By Gavin van Marle
UTi Worldwide has become the first non-European freight service provider to open up a landbridge container transport link between China and Europe. Accessing what is traditionally the domain of European 3PLs, especially those with national rail companies as major shareholders, such as DB Schenker and Geodis, U.S. freight forwarder and contract logistics provider UTi has formed a joint-venture with local Chinese firms to provide weekly box rail services from the northern Chinese city of Harbin to the German port of Hamburg.
HAO Logistics is a joint-venture between UTi, independent Chinese automotive logistics provider Changjiu Logistics, Harbin Railway Bureau and Dalian Port Investment Corp, and has been “offering promotional pricing through 30 September 2015 to encourage current and prospective clients to try the Iron Silk Road rail service”.
The first service departed Harbin in early August, with 41 containers booked on its eastbound leg and 46 containers on the westbound leg, and included automotive equipment, consumer goods and other freight, and Ditlev Blicher, President of freight forwarding at UTi, said that other routes would be developed and other types of cargo targeted. “This is only the first link in our Iron Silk Road rail service and only one of the many ways we are serving the logistics requirements of automotive, aerospace and other manufacturers,” he said.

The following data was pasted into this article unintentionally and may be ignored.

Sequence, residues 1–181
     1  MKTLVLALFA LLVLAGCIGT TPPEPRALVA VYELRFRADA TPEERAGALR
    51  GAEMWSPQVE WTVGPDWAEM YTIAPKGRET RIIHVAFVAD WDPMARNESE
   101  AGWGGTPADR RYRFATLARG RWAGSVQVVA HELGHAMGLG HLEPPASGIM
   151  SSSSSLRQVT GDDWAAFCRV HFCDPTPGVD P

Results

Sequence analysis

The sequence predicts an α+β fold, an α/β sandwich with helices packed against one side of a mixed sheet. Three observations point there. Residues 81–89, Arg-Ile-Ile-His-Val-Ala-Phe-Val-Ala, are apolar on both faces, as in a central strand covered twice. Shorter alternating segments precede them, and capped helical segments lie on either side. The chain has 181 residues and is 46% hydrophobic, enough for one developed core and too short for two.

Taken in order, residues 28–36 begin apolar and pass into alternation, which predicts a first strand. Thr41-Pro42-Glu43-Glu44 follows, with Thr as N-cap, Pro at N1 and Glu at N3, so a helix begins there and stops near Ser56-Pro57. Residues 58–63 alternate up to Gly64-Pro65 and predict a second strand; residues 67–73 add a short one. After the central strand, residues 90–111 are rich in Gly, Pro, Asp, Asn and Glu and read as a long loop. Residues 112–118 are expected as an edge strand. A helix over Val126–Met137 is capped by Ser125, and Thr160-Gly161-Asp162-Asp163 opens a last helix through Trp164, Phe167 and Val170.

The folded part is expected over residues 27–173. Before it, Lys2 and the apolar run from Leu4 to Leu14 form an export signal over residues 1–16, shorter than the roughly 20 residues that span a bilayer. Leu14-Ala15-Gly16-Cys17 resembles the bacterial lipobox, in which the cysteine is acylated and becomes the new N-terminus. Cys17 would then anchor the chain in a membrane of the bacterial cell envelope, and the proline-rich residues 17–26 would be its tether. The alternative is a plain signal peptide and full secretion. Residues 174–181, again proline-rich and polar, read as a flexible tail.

As with other Asia-Europe intermodal services, shippers are being offered a medium point between cut-price, ocean shipping services with nearly a month’s transit time and high-speed, high-cost air freight options. The UTi service features lower freight rates than air and shorter transit times than ocean – 15 days, eastbound or westbound. It said other major destinations throughout northern China and northern Europe, including ports, “are accessible within a few days without additional on-carriage charges”.
The service is the culmination of a partnership agreement signed in February between UTi and its partner Changjiu Logistics which was specifically designed “to serve the logistics requirements of global automotive original equipment manufacturers and suppliers in the automotive market in China”, according Transport Intelligence’s (Ti) recent Global Freight Forwarding 2015 report. Ti ranked UTi as the fourteenth largest global freight forwarder – fourteenth in air freight in terms of tonnes and fifteenth in terms of TEUs booked – despite the fact that 2014 was an annus horriblis for the company, with it booking around 25 per cent less revenue than the year before.
However, Ti said that the company’s geographical diversity remained one of its key advantages. “A particular strength of the company is its presence and local knowledge in a number of emerging markets, which is reflected by the balance of the company’s revenues sources by geographic region: in 2014, 32.8 per cent of the total was derived from the Americas, 24.5 per cent from Europe, Middle East and North Africa, 24.3 per cent from Asia-Pacific and 18.4 per cent from Africa,” it said.
Reprinted courtesy of The Loadstar (www.loadstar.co.uk)